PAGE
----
... played the very devil, taking prisoners by the hundred and marching with arrogant footsteps on the sacred soil of the province of Savannah. General Napoleon, the only commander who has not yet disgraced himself, still fights an uphill battle in the centre, inflicting terrific losses and upholding the honour of his country single-handed. The infamous Osbourne is shaking in his spectacles at Savannah. He was roundly taken to task ...
— The Works of Robert Louis Stevenson - Swanston Edition Vol. XXII (of 25) • Robert Louis Stevenson

... long as a pulse stirred; and I redeemed my promise. I sat there and watched him, as I had watched my father, but with what different, with what appalling thoughts! Through the long afternoon, he gradually sank. All that while, I fought an uphill battle to shield him from the swarms of ants and the clouds of mosquitoes: the prisoner of my crime. The night fell, the roar of insects instantly redoubled in the dark arcades of the swamp; and still ...
— The Dynamiter • Robert Louis Stevenson and Fanny van de Grift Stevenson

... an uphill fight of it, I assure you," rejoined Mr Bristles; "but by dint of throwing it on pretty thick, we are in hopes some of ...
— Blackwood's Edinburgh Magazine, No. CCCXLII. Vol. LV. April, 1844 • Various

... party six or eight days' plugging to get from there up to the carrying place," he added, "but we're going downhill instead of uphill. I should think we would have alternate stretches of quiet water here and there, but no very rough water from here on down for a while. With our small boats we probably cannot go so fast for a while now as they did with their big canoes. They could run bang through a big ...
— The Young Alaskans on the Trail • Emerson Hough

... Montenegrins, which to some extent discounted the high praise given to them. When I asked a Montenegrin his opinion of his neighbours in the matter of marching and hill climbing, he could only contemptuously spit. And then he explained to me that any fool can go uphill, but a Montenegrin is the only man ...
— My Adventures as a Spy • Robert Baden-Powell

... he drove his nodding horses uphill and downhill through his native village across the border; and in Drauburg, in Lavamuend, in Voelkermarkt, and Klagenfurt, all the inn-keepers waited for him as the bringer of joy. And he was the lad for that. He sang all the way along ...
— The German Classics of the Nineteenth and Twentieth Centuries - Masterpieces of German Literature Vol. 19 • Various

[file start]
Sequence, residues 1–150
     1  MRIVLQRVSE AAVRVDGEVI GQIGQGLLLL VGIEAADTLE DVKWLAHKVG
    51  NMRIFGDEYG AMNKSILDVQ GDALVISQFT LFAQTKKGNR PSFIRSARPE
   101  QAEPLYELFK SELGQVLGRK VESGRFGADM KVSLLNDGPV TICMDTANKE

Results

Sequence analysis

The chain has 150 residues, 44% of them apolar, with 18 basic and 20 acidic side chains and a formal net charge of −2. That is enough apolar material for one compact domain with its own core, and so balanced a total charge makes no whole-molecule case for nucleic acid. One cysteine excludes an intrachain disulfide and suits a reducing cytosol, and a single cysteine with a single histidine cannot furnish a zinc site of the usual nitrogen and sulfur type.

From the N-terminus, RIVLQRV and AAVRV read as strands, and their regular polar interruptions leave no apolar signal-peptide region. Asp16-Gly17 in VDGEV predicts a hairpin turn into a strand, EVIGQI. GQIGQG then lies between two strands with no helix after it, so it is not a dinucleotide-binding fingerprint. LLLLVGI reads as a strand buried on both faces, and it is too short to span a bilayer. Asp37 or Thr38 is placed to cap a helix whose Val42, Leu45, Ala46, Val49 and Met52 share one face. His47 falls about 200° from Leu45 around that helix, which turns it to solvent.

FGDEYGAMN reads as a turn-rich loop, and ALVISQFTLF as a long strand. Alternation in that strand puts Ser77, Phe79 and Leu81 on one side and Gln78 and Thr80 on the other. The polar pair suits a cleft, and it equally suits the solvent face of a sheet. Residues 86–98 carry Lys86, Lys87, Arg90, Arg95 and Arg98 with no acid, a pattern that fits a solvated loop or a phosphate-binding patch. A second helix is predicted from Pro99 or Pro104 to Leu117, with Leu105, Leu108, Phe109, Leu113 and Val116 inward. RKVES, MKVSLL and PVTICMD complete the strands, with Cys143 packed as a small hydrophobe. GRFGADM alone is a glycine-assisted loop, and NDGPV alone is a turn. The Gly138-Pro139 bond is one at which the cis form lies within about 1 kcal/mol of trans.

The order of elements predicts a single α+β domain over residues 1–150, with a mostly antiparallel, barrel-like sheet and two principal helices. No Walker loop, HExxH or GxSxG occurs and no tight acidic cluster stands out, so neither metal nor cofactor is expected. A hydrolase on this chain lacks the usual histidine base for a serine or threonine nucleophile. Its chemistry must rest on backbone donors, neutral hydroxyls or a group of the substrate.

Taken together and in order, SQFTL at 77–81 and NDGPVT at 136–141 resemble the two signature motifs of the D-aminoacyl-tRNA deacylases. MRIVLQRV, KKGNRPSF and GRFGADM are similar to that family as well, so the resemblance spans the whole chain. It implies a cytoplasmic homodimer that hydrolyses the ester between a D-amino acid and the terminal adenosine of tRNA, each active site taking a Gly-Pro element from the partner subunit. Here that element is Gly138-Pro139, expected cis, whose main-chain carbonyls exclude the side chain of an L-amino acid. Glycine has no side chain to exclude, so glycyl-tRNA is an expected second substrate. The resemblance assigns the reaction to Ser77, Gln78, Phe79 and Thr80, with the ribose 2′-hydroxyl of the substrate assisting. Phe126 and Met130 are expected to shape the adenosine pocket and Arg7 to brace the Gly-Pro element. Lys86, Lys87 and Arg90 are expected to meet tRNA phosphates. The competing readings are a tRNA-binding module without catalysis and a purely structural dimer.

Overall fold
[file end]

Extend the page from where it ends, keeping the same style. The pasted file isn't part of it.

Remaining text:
... toiled from boyhood, while I had never done a day's work in my life. It was as much as I could do to lift the loaded boxes into the car. Then we left the sunshine behind us, and for a quarter of a mile of darkness we strained in an uphill effort. ...
— The Trail of '98 - A Northland Romance • Robert W. Service

... thousand pathways, broad and narrow. They all go uphill.... Some day when you spin something out of your own inside, Mr. Banneker, forgive the well-meaning editor and let us see it. ...
— Success - A Novel • Samuel Hopkins Adams

... not do, he tried the opposite course, and endeavoured either to get him rusticated at once, or to disgust him with the college, and thus induce him to take his name off. John was cautious—very cautious; but a war against the powers that be, is always pretty much of an uphill game; and so at last it ...
— Blackwood's Edinburgh Magazine, Volume 56, Number 349, November, 1844 • Various

... man who had read and thought, and even though now at five-and-twenty he was but second mate of the Vanity, had lived his life to some purpose, for the fates had been against him; it had been an uphill struggle always, and in uphill struggles we have little time for the niceties of life. And now this girl, this dainty, fair, feminine thing had come across his path like a gleam of the sunshine of her own land, and when he felt he had fairly ...
— The Moving Finger • Mary Gaunt

... march uphill we were glad to sit under our green dome, to look at our view, to enjoy the little breeze, and to drink some of the cocoanuts our ...
— African Camp Fires • Stewart Edward White